Here's the part I want to discuss. My husband, who had (I thought) always been supportive, suddenly wasn't. Well, maybe not THAT suddenly. I was too sick to notice the changes.

He started saying I was angry all the time. I talked about pain too much. When I would moan involuntarily, which would happen often (I WAS I PAIN!), I would see an almost disgusted look on his face.

In my early years of RLS, he HAD been the man I described almost a year ago. And, he was until this past winter. I know some of you know how lonely you can be IN a relationship when you feel as if your partner doesn't WANT to understand what you're going through, and not only doesn't WANT to understand, but doesn't even want to TALK about it.

I'm naturally worried about what could happen if it IS RA and he doesn't want me to talk to him about it? Isn't that what a marriage is? You share the good and bad. If I can't talk to him, who can I talk to.

And, all of this, coupled with worsening RLS, makes the condition even worse because now we're not even sharing the same bed--I can't sleep because of the pain and the pain makes my RLS worse, etc., etc., etc.

Now, it's August. My first appointment with a rheumatologist is September 20 and FINALLY we're talking about what's wrong, or could be, wrong with me. Its been a very, very rough year. I've considered leaving, but where would I go? I've been on medication that has made me depressed, gain 50 lbs., have panic attacks, none of which has helped the situation. Now, I'm off any of that BAD stuff, I've lost 40 of the 50 lbs. and we're finally back on track.

These horrible syndromes/diseases can wreck havoc on a relatonship--everyone always said ours was one of the best they had ever seen. Now that I have "new eyes", as Becat says, seeing more clearly with less medication--and now that he is LISTENING more, we're going to make it. But, it's tough. And, at the root of all this evil, is RLS.

So, it not only affects me, it affects my husband, my family, my friends (some of which I no longer have).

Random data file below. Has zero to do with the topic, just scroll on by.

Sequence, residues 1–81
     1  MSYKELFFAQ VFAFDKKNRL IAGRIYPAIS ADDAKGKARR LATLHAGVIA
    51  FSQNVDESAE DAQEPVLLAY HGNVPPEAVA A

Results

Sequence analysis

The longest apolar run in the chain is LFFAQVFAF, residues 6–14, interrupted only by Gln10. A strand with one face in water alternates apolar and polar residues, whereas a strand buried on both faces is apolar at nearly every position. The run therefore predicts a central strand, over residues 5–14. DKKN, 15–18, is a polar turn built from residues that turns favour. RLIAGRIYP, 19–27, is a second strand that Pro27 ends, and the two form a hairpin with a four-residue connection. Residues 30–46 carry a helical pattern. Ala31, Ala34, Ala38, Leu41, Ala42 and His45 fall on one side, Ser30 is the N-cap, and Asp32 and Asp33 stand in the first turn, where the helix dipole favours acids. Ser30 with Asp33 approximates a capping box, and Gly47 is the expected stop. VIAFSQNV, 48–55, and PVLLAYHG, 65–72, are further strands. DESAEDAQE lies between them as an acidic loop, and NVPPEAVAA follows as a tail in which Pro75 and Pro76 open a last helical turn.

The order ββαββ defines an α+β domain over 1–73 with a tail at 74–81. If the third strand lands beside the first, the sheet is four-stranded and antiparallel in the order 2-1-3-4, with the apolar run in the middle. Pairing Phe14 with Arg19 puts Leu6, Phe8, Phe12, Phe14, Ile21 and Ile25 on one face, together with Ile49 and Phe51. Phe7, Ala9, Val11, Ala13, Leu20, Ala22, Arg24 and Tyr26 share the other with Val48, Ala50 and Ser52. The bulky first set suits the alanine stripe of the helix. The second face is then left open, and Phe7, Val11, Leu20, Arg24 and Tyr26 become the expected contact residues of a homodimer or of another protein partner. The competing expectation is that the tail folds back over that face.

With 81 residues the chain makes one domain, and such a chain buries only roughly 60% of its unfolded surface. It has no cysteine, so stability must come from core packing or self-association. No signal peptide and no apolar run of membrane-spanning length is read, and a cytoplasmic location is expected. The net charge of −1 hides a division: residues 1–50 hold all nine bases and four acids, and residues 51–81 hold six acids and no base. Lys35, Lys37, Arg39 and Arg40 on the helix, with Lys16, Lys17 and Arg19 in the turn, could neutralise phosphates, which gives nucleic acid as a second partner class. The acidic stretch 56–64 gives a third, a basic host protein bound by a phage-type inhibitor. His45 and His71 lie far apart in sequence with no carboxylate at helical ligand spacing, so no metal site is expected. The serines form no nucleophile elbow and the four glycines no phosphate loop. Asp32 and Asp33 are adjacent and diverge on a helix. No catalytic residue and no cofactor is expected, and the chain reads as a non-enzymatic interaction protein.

I look back at what I wrote and I have to apologise to some of you. I sounded so full of it. I had all the answers. Well, I didn't. But, I'm making it and so will all of you. Somehow!

God bless you.
Jannie
No one is alone who had friends.

becat
Posts: 2842
Joined: Thu Apr 29, 2004 11:41 pm

((((((((hugs))))))

Post by becat »

((((((Jan))))))
OOO darling, No apologies here....You know better.
I like to think that some of our post are thinking out loud and some are just trying to find those new eyes.
Somewhere buried in all these words, we are all trying to get to the heart of things. We can find someone else that has felt the same way and maybe an answer or too.
Can't we all look back at our post and say, whewwwww, glad I'm not there anymore. That's what makes this all great. We said the same things newbies say when they get here. BUT ......BUT with a little time and effort we find ourselves making progress.
It's all apart of the sharing and I don't think it's stupid I think it's brave and helpful.......You have been brave about sharing and helpful to many here.
No apologies....Ok?
And yeah about you and the hubby. I'm so glad things are going well.....
I'm glad your here.
Hugs and a moon, in the woods..........

cornelia

Post by cornelia »

Hi Jan,

thank you for sharing the story of your winter and problems with your husband and family as regards to health issues. It isn't easy to do that, I think.
I have always thought and still do that when you don't have an understanding partner, you are better of on your own, because that probably provides less stress in the end. And stress is one of our worst enemies.